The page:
How to Create Basic Ionic Storage CRUD Operations

ionic-storage-crud

The Ionic Storage package is a great wrapper around the local storage or SQLite database inside your Ionic app, but when it comes to basic functionality there are not a lot of functions available.

Therefore we will create a simple app to demonstrate the basic CRUD (Create, Read, Update, Delete) functionalities for Ionic Storage on our key/value entries.

ionic-crud-simulator

This is of course just one example how to access and work with your data as you might store it differently and of course different information!

Starting our CRUD App

To get started we create a blank new Ionic app and generate a service where we will implement the CRUD functionalities. Also, since Ionic 4 you also need to add the storage plugin by yourself as it’s not included with the blank starter.

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Finally, we add the SQLite Cordova plugin so Ionic Storage will use this database once deployed on your device. Otherwise it would use the localstorage of the browser but inside a native app this engine would be recommended.

For all of this simply run:

We also need to add the Ionic Storage package to the root of our app so open your app/app.module.ts and add:

That’s everything you need to add the Ionic Storage wrapper to your app!

CRUD Functions for Ionic Storage

Because we want to have all logic in one place we generated a new service previously from which we will perform all calls to the storage.

To give this example a bit more structure I also added a simple interface that describes an item with some basic fields. The important one is the ID here, which you normally also get from most API responses that will later help to identify certain objects that are stored!

Besides that our service only consists of the CRUD functions. In all of the functions we need to load the current values from the storage before working with them in order to have the most up to date values.

We could also keep the information inside a local variable and only store it back occasionally, but the approach here is a bit easier for the beginning and works totally fine.

In detail our functions are:

  • Create (addItem): Check the if we already have an array saved and append the new item or create an array with the new item and save it to the storage
  • Read (getItems): Simple return the information stored under our key
  • Update (updateItem): Grab all stored items, then iterate all of them and replace the one we want to update with the new one
  • Delete (deleteItem): Grab all stored items, then iterate all of them and only save back the ones where the ID is different from the item that we want to remove

All of our values are stored under the ITEMS_KEY which we only define once and simply use the constant from then on!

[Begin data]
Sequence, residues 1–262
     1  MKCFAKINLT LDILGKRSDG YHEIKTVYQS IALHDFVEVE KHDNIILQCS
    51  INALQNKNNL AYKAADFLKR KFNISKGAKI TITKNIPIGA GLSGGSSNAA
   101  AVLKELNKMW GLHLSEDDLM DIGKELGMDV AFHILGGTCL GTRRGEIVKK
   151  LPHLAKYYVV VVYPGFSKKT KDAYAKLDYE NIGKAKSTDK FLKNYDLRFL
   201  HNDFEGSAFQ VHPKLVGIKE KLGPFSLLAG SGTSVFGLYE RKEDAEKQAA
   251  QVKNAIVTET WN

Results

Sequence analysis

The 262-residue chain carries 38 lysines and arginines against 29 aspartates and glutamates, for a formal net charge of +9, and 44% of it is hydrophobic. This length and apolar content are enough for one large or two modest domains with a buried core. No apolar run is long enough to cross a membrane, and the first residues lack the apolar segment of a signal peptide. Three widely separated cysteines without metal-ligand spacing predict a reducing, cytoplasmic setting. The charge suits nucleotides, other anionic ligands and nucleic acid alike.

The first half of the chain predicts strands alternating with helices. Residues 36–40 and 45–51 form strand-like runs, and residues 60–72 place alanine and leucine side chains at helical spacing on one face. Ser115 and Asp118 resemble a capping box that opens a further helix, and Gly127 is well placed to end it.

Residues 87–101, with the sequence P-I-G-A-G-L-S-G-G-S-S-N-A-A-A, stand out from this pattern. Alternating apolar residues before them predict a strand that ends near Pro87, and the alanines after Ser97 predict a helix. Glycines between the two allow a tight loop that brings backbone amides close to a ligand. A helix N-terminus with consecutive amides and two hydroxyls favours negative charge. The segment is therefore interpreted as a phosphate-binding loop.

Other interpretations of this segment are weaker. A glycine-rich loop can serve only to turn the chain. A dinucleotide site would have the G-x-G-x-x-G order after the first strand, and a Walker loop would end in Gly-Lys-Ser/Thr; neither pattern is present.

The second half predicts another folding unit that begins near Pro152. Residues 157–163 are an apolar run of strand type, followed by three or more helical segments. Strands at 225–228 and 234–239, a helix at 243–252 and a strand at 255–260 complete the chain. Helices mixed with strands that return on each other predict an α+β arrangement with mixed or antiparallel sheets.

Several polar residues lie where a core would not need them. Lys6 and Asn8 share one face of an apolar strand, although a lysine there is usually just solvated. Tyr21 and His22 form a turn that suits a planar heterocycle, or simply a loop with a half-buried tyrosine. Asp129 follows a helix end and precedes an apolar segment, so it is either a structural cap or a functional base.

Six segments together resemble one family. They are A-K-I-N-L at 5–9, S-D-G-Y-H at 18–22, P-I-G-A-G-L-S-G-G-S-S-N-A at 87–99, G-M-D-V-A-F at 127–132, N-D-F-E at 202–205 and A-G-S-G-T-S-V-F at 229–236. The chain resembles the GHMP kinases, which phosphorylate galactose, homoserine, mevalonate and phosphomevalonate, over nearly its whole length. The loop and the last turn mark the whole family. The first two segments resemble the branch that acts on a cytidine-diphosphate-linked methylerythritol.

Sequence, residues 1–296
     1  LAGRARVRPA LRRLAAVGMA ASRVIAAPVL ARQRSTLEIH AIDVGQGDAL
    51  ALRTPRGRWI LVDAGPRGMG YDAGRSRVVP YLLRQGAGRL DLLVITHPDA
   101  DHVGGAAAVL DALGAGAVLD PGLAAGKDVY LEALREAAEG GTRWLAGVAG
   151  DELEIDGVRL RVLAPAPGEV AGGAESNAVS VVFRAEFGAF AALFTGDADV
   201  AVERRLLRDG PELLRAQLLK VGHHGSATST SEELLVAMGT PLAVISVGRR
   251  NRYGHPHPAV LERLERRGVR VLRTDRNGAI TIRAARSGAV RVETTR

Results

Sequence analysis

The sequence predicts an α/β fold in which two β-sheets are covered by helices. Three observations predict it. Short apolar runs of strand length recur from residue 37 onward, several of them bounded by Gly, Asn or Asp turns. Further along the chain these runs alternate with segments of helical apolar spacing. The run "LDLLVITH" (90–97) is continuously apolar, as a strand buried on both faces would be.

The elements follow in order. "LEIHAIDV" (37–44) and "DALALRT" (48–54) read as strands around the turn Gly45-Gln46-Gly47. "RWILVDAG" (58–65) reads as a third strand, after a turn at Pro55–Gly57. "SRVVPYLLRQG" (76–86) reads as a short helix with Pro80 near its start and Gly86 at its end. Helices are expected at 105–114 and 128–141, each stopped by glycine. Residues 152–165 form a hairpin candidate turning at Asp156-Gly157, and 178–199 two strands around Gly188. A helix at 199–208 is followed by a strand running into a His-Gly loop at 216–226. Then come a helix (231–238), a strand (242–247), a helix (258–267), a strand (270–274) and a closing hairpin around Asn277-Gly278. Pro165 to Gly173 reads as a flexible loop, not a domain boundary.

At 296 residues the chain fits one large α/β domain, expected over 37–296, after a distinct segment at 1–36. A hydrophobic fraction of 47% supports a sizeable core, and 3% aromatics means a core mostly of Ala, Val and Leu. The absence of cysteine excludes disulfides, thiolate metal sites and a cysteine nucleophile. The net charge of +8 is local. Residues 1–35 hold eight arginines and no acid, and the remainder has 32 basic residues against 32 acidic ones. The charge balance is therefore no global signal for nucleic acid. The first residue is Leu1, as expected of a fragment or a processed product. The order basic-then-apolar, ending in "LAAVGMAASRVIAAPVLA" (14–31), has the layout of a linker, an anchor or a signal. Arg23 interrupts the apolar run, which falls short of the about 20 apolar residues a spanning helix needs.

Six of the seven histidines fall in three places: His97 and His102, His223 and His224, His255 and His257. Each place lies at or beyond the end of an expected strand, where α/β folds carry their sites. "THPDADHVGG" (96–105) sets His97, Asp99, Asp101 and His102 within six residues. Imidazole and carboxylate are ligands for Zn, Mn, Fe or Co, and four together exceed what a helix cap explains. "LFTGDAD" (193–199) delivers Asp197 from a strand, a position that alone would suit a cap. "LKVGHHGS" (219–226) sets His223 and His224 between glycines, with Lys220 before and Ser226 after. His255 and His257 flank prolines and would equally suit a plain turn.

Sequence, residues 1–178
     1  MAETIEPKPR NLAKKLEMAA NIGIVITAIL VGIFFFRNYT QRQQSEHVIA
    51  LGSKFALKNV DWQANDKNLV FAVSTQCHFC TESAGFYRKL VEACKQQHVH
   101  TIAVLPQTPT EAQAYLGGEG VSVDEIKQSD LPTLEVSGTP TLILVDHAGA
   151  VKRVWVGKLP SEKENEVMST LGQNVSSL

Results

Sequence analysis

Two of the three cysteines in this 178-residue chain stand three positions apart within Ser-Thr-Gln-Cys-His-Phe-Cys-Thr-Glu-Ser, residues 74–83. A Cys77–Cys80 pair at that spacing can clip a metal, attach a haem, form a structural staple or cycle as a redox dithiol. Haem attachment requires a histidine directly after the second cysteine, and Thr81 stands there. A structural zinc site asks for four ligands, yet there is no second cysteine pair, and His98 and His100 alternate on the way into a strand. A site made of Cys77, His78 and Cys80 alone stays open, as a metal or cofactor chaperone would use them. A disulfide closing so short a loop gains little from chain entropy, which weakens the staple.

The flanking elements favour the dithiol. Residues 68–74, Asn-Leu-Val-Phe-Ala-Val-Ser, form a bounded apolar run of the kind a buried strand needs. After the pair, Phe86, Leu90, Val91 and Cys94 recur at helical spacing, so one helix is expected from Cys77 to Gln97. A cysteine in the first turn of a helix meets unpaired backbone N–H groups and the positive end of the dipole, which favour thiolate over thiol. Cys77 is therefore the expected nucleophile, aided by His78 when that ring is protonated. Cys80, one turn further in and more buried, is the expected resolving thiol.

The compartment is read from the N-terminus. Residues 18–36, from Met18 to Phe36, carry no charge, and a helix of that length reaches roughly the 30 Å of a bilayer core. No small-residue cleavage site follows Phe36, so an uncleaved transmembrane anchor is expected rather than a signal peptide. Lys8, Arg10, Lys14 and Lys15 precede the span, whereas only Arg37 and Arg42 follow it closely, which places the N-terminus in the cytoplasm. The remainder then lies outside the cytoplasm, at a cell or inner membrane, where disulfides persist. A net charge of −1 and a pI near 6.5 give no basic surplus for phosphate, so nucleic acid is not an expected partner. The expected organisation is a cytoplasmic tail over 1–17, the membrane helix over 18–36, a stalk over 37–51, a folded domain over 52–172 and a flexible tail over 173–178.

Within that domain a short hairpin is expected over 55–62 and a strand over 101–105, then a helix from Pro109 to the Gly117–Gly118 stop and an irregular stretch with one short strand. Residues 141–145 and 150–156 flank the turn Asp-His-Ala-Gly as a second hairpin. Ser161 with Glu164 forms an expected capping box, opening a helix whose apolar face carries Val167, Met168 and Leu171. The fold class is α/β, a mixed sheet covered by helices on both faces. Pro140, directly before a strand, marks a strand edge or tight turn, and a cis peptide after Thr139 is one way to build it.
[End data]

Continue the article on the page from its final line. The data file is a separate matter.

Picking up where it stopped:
Now go ahead and change your app/services/storage.service.ts to:

There are many ways to perform different actions, we could use RxJS for some more filtering but writing the things out might help especially beginners to understand how to work with Ionic Storage.

Working with our Storage Service

We have set up all functionalities and now it’s time to see them in action!

To use our service we just need a simply class to call of these functions. Here we will keep the list of items but reload it once we make any changes.

I’ve added some comments inline where we could also call a push() or splice() on our list so we don’t have to reload it from storage. Anyway, if you don’t have super mach data stored the time it takes should be fine.

All we have to do inside our functions here is to make the appropriate call to our service and then perhaps display a little toast afterwards to show the user what happened.

Because we are returning promises we can simply use the then() block where we are sure the operation has finished and was written back to the storage! We will also get a nice code completion as we have added the return values inside our service which comes in super handy especially when you work together with other developers on different parts of your app.

There isn’t much other logic included in here so simply go ahead and change your app/home/home.page.ts to:

There is one part where we need to manually close the sliding items in order to keep them working afterwards. This might also change in the future as this Quick Win was created using an Ionic 4 beta!

Now finally we have to build a tiny view that incorporates all the functions we have added. We don’t need much, just some inputs to create a new item and then a list with sliding buttons that will reveal the update and delete functionality.

No magic in here so let’s finish our app/home/home.page.html like this:

You can now run your Ionic Storage CRUD app in the browser and if you inspect the app with the developers tools and open the application tab you can even drill down to find the information that is written to your storage!

ionic-storage-crud-browser

From this place you can also change or delete the information, but you need to reload your app in order to reflect those changes (this is not Firebase realtime!).

Conclusion

It’s certainly not hard to work with Ionic Storage if you respect the Promise flow and understand how your data is saved.

Just make sure the amount of data is not getting out of hand, and also images or files in generally shouldn’t be stored inside this storage. For this you can directly use the apps folder and simply keep a reference for later.

You can also find a vide version of this Quick Win below.

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